I apologize for my lack of content and diligence.

20 May

I would like to apologize to all of my followers for my lack of content on this site until now.  However in my defense I was in an accident that broke several bones in my right arm and shoulder making things very difficult for me to keep up with work, eat and for purposes of jpfmovies I’m forced to type with my left hand only.  Try it and see how hard it is believed me what used to take minutes now takes hours.  Though I’m not fully healed I cannot stand not putting up a more content on the site so I’m going to slug through our next series of reviews no matter what it takes.


Our next review will be a nine part Japanese TV series based on novel I cannot get my hands on for the life of me called “A splendid family.”  We will examine the series episode by episode but in general here’s a synopsis of the excellent work.

Set in the post-World War II climate of the 1960’s in Kobe, the show explores the struggle for power within the powerful Manpyo family. The cornerstone of their empire is the Hanshin Bank, a fictional version of the former Kobe Bank (now Sumitomo Mitsui Banking Corporation)), controlled by the father of the clan, Daisuke Manpyo Eldest son Teppei is the managing director of Hanshin Steelworks, fictional version of Sanyo Special Steel Co., Ltd.). The ambitious Teppei seeks to expand operations of his company, and goes to his father to see if he can secure a loan. But the Minister of Finance seeks the merger of smaller Japanese banks to fend off foreign competition. Daisuke must decide whether to protect his son’s interest in manufacturing or to ensure the survival of the bank that he controls.

The series mostly revolves on the hidden secrets within the Manpyo family. A running theme throughout the show is Teppei’s constant hunger for his father’s approval. However, instead of being seen as a son, he is often seen as a threat by his own father. Throughout most of the series, they are competing as Daisuke refuses to help in Teppei’s struggles.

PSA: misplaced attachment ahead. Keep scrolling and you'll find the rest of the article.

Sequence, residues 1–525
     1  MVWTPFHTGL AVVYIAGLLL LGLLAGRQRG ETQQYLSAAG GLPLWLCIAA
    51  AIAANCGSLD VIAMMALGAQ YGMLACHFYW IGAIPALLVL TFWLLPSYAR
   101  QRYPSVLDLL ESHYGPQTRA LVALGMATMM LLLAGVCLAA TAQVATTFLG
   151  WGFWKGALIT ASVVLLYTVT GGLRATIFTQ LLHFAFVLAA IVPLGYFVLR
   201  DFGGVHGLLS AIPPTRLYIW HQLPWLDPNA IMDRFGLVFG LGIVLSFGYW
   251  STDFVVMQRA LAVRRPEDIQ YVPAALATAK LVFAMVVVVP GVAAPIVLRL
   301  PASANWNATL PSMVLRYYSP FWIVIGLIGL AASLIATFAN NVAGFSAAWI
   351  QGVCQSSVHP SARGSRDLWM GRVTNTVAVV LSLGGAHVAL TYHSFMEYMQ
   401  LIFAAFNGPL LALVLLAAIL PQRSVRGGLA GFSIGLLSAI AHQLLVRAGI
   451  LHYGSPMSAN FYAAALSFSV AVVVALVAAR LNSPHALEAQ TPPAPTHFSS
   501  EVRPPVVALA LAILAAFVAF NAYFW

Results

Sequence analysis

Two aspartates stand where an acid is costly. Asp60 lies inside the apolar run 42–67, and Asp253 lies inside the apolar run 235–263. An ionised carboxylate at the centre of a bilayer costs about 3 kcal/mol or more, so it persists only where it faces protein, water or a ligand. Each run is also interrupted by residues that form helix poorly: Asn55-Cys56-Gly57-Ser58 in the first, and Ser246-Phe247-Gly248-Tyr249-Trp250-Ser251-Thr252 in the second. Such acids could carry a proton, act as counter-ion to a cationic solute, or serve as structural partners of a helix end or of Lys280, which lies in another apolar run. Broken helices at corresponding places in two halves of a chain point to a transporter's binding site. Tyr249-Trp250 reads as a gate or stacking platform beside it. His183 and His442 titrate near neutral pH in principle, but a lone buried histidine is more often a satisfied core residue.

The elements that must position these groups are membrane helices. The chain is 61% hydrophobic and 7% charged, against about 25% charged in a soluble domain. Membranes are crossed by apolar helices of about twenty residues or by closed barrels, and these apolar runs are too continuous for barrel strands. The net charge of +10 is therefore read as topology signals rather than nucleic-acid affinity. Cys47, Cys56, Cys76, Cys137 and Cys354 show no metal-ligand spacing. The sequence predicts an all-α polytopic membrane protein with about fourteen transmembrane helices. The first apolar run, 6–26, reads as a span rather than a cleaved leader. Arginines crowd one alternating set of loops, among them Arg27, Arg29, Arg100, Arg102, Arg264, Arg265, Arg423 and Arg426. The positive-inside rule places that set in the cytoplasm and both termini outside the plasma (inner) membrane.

At the end, we are shown why the characters act as they did. Teppei’s mother was supposedly raped by his grandfather, therefore, making Daisuke unsure if Teppei was actually his, or Keisuke’s (his father). Teppei’s uncanny resemblance to Keisuke, and his blood type proves to Daisuke that he was, indeed, his half-brother. This causes the heartache that surrounds the Manpyo family.

Teppei’s company is not saved. As he finds out that he was not actually who he thought he was, he goes to the mountains where his family hunts. He makes a final call to his wife. The next morning, Teppei leaves a suicide note and shoots himself.

When the Manpyo family learns about Teppei’s death, his mother is distraught.  His father however, seems placid and cold. A man then comes in and asks the parents to sign Teppei’s death certificate. Daisuke notices that they had made a mistake in the certificate, he states that they had Teppei’s blood type wrong. The man informs them that the blood test taken during the war was wrong, but the current one is accurate.  This revelation drives Teppei’s mother into a fit. Daisuke is weakened. The man he thought to be a product of his father’s horrible actions, was in fact, his own son. He is even more remorseful when he reads Teppei’s suicide letter.  Finally, Teppei is given the acceptance that he so long craved for.

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Posted by on May 20, 2014 in Movie Reviews


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